They claim that thousands of passengers will lose out as councils move to seize control.
Representatives of the five Tyne and Wear councils have to agreed a recommendation to take over buses across their area with new London-style transport powers.
|Go North East and Stagecoach will go to the courts to protect their routes|
The move would effectively nationalise bus routes, but Nexus has made clear it is the only option which prevents severe cuts.
They say that using the £10m a year handed to bus firms in subsidies - and taking the profits - would mean they can avoid slashing 455 bus routes, including all school services, and also protect the Metro Gold Card and the Shields Ferry.
Nexus says it can instead introduce cheaper fares and one ticket for all services under takeover plans.
But bus firms say they could improve services radically if Nexus worked with them on a partnership proposal. This would see new cross-ticketing and the firms take on £360,000 of the £10m subsidised routes, though almost all of the cuts would still have to be made.
|Arriva's routes into Co Durham and Northumberland would be affected|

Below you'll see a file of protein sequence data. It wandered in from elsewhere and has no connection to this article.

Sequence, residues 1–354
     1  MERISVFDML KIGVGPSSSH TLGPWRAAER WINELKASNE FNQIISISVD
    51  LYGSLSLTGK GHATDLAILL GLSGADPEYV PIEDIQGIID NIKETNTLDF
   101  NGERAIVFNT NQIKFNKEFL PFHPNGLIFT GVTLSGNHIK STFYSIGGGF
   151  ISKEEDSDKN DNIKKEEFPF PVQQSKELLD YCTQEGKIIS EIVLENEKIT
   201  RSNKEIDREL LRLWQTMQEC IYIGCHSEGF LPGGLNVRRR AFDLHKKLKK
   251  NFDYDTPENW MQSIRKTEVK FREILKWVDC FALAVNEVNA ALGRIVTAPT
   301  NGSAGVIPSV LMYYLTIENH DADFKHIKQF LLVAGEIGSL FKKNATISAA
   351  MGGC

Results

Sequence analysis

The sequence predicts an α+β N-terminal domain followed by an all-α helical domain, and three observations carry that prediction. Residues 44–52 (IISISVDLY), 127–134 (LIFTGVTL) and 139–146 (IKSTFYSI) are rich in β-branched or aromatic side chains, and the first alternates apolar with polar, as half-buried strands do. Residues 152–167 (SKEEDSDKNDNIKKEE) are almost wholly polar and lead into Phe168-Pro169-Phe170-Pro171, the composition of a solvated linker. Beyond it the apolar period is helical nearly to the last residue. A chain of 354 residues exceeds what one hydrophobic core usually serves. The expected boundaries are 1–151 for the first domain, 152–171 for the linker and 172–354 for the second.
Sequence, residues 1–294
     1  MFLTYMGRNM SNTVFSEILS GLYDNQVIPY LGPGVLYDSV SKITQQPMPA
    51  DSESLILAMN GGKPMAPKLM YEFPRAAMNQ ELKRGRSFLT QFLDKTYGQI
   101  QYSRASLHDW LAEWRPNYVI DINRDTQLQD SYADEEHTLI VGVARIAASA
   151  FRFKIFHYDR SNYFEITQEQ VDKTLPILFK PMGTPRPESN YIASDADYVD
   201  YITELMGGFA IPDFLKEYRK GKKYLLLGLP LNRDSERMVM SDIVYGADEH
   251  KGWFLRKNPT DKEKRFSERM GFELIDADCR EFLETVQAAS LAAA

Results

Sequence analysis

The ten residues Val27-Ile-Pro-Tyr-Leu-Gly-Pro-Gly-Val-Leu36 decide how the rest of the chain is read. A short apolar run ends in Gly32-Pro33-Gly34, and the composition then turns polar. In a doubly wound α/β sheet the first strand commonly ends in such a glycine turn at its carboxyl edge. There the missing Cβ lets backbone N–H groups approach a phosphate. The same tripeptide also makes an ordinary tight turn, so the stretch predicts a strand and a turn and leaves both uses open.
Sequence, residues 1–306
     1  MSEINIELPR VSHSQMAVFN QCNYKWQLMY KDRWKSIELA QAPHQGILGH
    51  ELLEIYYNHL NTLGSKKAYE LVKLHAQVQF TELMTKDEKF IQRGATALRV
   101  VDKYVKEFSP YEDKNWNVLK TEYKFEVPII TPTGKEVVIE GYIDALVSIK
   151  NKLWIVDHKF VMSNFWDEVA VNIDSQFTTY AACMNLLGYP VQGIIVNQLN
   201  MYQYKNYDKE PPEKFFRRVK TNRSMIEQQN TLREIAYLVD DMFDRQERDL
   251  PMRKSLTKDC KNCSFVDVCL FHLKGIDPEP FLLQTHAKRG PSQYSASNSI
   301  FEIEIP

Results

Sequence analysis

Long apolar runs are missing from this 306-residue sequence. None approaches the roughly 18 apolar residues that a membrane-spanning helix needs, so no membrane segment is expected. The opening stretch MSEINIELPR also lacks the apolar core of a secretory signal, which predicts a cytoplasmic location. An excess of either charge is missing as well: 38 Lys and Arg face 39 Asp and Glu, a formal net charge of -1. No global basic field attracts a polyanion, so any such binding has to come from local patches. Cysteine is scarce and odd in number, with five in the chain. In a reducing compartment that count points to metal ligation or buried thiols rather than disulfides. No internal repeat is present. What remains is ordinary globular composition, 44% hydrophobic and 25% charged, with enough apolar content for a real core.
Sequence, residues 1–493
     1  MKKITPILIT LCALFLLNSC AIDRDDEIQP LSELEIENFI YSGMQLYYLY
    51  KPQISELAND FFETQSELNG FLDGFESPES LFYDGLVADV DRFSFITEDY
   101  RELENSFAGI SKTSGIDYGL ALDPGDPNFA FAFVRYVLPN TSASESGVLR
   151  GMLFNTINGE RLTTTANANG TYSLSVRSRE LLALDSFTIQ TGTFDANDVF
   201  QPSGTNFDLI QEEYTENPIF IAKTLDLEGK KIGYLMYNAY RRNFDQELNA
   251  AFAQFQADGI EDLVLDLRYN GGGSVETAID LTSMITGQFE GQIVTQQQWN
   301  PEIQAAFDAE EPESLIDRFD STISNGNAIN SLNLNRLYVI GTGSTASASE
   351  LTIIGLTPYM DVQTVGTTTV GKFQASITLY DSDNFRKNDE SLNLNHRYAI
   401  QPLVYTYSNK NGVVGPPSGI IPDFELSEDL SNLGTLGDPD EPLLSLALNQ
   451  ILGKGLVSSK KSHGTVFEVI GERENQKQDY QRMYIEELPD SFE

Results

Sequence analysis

“While the transport authority begins the formal consultation on its quality contract scheme, those benefits will be denied to travellers.
“Partnerships are being signed all round the country, most recently in Tees Valley and the West Midlands.
“At the moment it’s only Tyne and Wear’s councillors who want to risk
a quality contract scheme.”
Kevin Carr, Go North East’s managing director, added: “Transport Minister Norman Baker told Newcastle East MP Nick Brown that his advice to Tyne and Wear was to pursue partnership working with bus operators and to try to secure the best possible outcome for the bus passenger. The ITA seems to be ignoring that advice.”
Councillors on the Integrated Transport Authority met on Friday to go over the proposed plans and decided to progress ignore the offer of a partnership and instead progress with the so called Quality Contract.